Before our visit to the Jerusalem Botanical Gardens in Jerusalem, Israel, I discovered that they also had a fantastic garden center, so we spent some time in there before meeting our guide. This garden center has so many plants in it that we grow...you will see many you recognize. The nice thing about this garden center is all the plants are grown in Israel.
You go through a gate to go into the botanical gardens and once in are greeted with such lush green and striking colour; it is breathtaking. The Pennisetum glacum stood up proudly as we arrived...and mixed with the Echinacea in that stunning shade of orange was a real welcome. We began our journey with a visit to an authentic burial niche. Here I saw a burial chest that would have been used by the Jews around 20-15 BCE. The niches you see there are original. They would prepare the bodies there and they would lay here in these niches for at least a year until the bones could be collected and placed in these ossuaries. Ossuaries were often embellished with vine leaves and grapes, fig leaves and figs, lilies and pomegranates.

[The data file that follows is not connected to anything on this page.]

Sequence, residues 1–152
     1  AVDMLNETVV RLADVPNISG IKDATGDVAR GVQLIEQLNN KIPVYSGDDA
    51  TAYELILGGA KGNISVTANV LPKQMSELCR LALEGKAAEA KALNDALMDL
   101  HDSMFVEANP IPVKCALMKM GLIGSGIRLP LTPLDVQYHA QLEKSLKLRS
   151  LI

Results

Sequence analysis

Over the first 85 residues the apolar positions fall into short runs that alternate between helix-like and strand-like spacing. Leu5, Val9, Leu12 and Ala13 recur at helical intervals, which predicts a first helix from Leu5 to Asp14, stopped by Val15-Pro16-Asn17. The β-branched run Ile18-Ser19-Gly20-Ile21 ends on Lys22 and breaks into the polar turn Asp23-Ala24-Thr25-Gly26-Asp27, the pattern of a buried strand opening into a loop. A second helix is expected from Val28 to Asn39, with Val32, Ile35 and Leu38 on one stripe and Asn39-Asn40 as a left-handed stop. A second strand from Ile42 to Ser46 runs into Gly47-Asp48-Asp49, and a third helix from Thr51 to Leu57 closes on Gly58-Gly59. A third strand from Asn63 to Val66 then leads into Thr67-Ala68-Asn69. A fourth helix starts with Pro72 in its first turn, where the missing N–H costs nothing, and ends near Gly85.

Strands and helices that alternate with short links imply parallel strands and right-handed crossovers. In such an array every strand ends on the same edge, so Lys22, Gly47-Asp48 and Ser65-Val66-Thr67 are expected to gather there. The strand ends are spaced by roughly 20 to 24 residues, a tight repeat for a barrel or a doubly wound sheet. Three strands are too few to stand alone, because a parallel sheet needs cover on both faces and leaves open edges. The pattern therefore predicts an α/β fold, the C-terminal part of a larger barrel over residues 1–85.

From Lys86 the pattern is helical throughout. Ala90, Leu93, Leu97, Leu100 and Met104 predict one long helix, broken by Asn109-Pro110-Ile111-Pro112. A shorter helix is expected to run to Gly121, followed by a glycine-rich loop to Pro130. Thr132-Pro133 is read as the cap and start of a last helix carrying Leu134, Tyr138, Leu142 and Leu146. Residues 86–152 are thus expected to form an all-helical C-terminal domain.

On to discover other delights...like the Banksia ashbyi with its gorgeous orange flower. The tropical green houses full of plants like orchids, palms, helliconia and the like. The next beauty was the Xanthorrhoea johnsonii or grass tree at 150 years old. When they got it, it stayed in quarantine for 3 years. Rosemary and lavender plants are every where throughout this large garden.
The team running the garden now are so passionate. Sue Surkes, Director of Development is originally from England and has so many wonderful ideas on how to grow this garden to showcase its full potential. It's happening...three years ago they had 80,000 visitors and now they have 200,000 visitors a year coming to enjoy the bounty, learn about plants and the various areas in this garden (by the new signage), and enjoy the meals in the beautiful restaurant. On her business card it reads, "A place where plants grow people." Right on the mark. The children's area is wonderful.
I did not know that Israel had over 2,300 native species of plants, nor did I know that 414 of them were on the endangered list. The garden is arranged in phytogeographic sections, featuring flora of various regions around the world. The Jerusalem Botanical Gardens opened to the public in 1985. The tropical conservatory opened in 1986 and the South Africa section was planted in 1989. The Hank Greenspan Entrance Plaza, Dvorsky Visitors' Center and restaurant were built in 1990.
This is just one of the many truly awesome gardens that exist in Israel - so watch for a tour coming in 2014!